According to the latest figures available for Tmall, released in April last year, more than 100,000 shoppers spent more than 1 million yuan a year on Luxury Pavilion. Alibaba owns South China Morning Post.
“[International luxury brands] will leverage the strength of their full brand portfolio, and engage the consumer whenever and wherever,” said Zipser. For instance, Burberry and Chinese technology giant Tencent Holdings announced a plan in November to develop social-media retail across mainland China. In a first step, Burberry is expected to open its first “social retail store” in Shenzhen during the first half of this year.
Joann Cheng, the chairman of Fosun Fashion, which owns Lanvin, the oldest French fashion house, said social media was becoming very influential, and that the brand would continue to invest in digital channels. Consumers are increasingly purchasing products after viewing information on social-media websites, or because of recommendations by influencers, she told the Post last month.
Of course, physical stores have a part to play. Lanvin also relies on the two stores in has in Hong Kong and another six in mainland China, including a concept store at Bund Finance Centre in Shanghai.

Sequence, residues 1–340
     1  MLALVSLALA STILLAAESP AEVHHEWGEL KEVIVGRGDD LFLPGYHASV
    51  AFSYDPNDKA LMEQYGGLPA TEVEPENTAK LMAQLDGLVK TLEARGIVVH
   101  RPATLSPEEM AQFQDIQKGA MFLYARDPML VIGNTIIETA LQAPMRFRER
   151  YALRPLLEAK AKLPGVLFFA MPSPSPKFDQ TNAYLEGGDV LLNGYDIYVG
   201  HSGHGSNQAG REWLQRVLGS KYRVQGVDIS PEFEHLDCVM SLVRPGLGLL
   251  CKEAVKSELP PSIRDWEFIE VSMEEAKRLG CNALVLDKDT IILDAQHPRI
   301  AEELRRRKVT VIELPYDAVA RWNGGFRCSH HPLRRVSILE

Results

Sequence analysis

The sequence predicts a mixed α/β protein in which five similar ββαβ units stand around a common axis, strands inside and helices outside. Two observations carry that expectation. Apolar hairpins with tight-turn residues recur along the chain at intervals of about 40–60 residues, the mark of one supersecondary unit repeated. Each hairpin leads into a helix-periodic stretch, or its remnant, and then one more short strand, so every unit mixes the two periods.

And it is not alone. Louis Vuitton opened a new 455-square metre men’s store at the Grand Gateway 66 mall in Xujiahui, one of Shanghai’s main commercial districts, on December 19. It also opened a new store at Hong Kong property developer Sun Hung Kai Properties’ One ITC a few blocks away, along with the likes of Gucci and Celine.
“Some of our existing luxury brand tenants, such as Burberry, Max Mara, Gucci and Tiffany, have all renovated their stores, or expanded their sizes,” said Vera Wu, general manager of Grand Gateway 66.
All these factors point to Chinese consumers shopping more closer to home. According to a recent estimate by Bain & Company, Chinese consumers made 27 per cent of their luxury purchases in China last year, and this share is projected to increase to 50 per cent by 2025. Of course, this does not mean that Chinese consumers are buying less abroad. Their luxury spending now represents 33 per cent of the global market, Bain said.
“We remain confident that the luxury industry will continue to see healthy growth in China,” McKinsey’s Zipser said. “While overseas spending remains important, we see an increasing share of Chinese luxury spending to be done in China [itself].”
The best way to predict the future is to create it.